More patterns on the multiplication machine

When we left off last week, I had challenged Tabitha to find a pattern on the multiplication machine so that there would be the same number of buttons up as down. This challenge followed up on her sophisticated argument that her down-up-down-up pattern yielded more downs than ups.

ups.and.downs

There are 81 buttons, so the task of evening out the ups and downs is not possible.

But Tabitha is 6 years old. She knows little about even and odd numbers. Searching for a way to share 81 things equally (between up and down in this case) is a good way to get her thinking about the idea.

You may recall that I had shooed Tabitha off to her bath on giving her this challenge. This is where our story picks up.

At the end of the bath, she puts on her jammies and announces…

Tabitha (6 years old): I know how!

She runs into the room to get the machine.

T: Now Daddy, I don’t know if this is going to work, so just keep your ideas to yourself.

This line is awesome, is it not?

I do as I am told.

She produces this:

Photo Nov 20, 9 41 52 PMT: Oh no.

Me: What?

T: These [she points to top and bottom rows] are both up.

She tries again, producing this:

Photo Nov 20, 9 42 20 PMT: Oh no. Still too many up.

At this point she gives me a look which I take to mean that I can have a try. So I go back to her first pattern.

Photo Nov 20, 9 41 52 PMAnd I start to share out the bottom row—half up, half down.

patterns.6Tabitha: But Daddy! That’s not a pattern!

So what do we learn?

The raw beauty of Tabitha’s line, “I don’t know if this is going to work, so just keep your ideas to yourself!” strikes every time I think about this conversation.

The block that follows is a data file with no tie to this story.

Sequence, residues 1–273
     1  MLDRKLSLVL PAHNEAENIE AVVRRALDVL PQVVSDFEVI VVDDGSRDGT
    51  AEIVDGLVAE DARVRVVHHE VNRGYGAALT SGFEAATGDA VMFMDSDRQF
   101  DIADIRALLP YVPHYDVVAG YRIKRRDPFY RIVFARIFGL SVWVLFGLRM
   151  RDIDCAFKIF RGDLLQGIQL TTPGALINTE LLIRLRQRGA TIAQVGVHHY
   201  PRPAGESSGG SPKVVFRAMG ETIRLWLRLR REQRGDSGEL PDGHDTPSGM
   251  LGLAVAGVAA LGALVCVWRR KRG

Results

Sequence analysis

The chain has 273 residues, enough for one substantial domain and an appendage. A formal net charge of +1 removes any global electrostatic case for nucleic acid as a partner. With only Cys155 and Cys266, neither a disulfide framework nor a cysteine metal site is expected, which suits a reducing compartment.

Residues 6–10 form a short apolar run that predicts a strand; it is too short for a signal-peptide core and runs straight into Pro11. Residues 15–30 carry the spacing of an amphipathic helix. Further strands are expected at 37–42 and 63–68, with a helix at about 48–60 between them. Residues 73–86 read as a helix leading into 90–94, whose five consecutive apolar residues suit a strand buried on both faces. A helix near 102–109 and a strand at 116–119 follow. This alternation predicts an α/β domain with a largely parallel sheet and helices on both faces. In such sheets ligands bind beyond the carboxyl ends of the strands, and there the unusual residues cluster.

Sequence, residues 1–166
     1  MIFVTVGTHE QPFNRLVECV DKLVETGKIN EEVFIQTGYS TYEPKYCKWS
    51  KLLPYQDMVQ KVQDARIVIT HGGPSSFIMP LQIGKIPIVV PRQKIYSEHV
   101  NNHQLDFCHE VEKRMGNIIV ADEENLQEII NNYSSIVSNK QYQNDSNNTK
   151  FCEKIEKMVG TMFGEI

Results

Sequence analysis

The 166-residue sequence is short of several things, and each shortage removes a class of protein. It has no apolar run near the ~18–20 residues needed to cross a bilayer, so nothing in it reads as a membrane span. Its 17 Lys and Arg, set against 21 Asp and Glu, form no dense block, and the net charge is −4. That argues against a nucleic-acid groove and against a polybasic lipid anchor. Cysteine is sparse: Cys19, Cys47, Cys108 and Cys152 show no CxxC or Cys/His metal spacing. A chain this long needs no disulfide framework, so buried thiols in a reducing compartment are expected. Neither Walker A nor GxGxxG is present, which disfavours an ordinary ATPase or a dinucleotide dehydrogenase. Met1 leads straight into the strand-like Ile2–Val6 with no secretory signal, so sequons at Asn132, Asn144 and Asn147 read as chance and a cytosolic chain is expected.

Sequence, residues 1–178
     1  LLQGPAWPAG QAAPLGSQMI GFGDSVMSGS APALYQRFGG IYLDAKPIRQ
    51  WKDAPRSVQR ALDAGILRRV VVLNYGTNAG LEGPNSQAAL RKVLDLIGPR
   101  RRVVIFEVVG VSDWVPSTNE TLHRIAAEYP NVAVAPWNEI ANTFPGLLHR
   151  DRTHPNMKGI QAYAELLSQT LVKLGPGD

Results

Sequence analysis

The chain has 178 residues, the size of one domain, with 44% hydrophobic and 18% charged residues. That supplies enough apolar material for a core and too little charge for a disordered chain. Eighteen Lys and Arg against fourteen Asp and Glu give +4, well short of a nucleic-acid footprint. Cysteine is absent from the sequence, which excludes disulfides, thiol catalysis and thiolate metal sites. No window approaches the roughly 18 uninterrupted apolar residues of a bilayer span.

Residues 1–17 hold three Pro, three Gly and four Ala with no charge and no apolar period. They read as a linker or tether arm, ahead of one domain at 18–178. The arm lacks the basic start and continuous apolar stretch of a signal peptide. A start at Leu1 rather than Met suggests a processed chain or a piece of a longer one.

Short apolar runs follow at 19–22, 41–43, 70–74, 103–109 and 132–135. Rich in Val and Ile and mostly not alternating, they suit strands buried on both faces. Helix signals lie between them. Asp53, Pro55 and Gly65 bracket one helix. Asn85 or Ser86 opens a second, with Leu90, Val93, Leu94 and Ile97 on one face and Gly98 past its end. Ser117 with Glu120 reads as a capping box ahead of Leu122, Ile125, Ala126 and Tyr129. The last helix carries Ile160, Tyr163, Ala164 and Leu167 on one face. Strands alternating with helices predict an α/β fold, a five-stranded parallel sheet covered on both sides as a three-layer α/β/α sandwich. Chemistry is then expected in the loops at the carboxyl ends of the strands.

Children enjoy investigating their ideas. I have to work very hard to get many of my college students back to a mental place where they trust that they have mathematical ideas worth investigating.

The best thing a parent or teacher can do in this situation is be quiet and let the kid work it out.

Starting the conversation

As all interesting conversations do, this one had a trajectory. We started in one place (making fun patterns), focused our attention on one part of what we were doing (comparing the number of ups and downs) and finished off with a “what if” question (what if ups and downs were equal in number, what would that pattern look like?)

You can practice that with your child. It doesn’t matter whether any particular conversation goes anywhere (many of ours do not), eventually you’ll hit on something interesting to both of you and pretty soon you’ll notice that 10 or 15 minutes have gone by.

And then the next time will be easier. Soon it will be a habit.

 

Patterns on the multiplication machine

Tabitha (6 years old) has been playing with the multiplication machine off and on for a few months now. We have never once used it for learning multiplication facts, but we have had a ton of math-learning fun with it.

Recently, she carefully did an up-down-up-down pattern that she continued along all of the columns.

ups.and.downsWe discussed her patterning a bit before I sent her upstairs for her bath.

I followed behind and, when I knew the machine was out of reach, asked her a question.

Me: You know how some buttons are up and some are down right now? Are there more ups or more downs?

Tabitha (6 years old): There are the same amount.

This was the answer I expected. As we will see, her reason for the answer surprised me.

Me: How do you know?

T: I did two patterns. Up down up down… and Down up down up. Let me show you.

We head downstairs together.

Me: OK. In this one column [I point to the first column on the left], are there more ups or downs?

T: [She counts each type] Downs. But in this one [the next column to the right] there’s more ups.

Me: So how about the whole thing?

T: Same!

Wait.

I’m gonna figure this out.

1,1,2,2,3,3,4,4,5

There’s more downs.

Me: How do you know?

T: Watch. [She points to columns as she counts, one column for each number word] 1, 1, 2, 2, 3, 3, 4, 4, 5.

Me: Right. But what does that mean?

T: One. There’s more downs. Then one. There’s more ups. Then two, and two, like that. But five is more downs.

Me: Wait. One has more downs, then the other one has more ups. So together the 1s have the same number of ups as downs?

T: Yeah.

Me: So then what?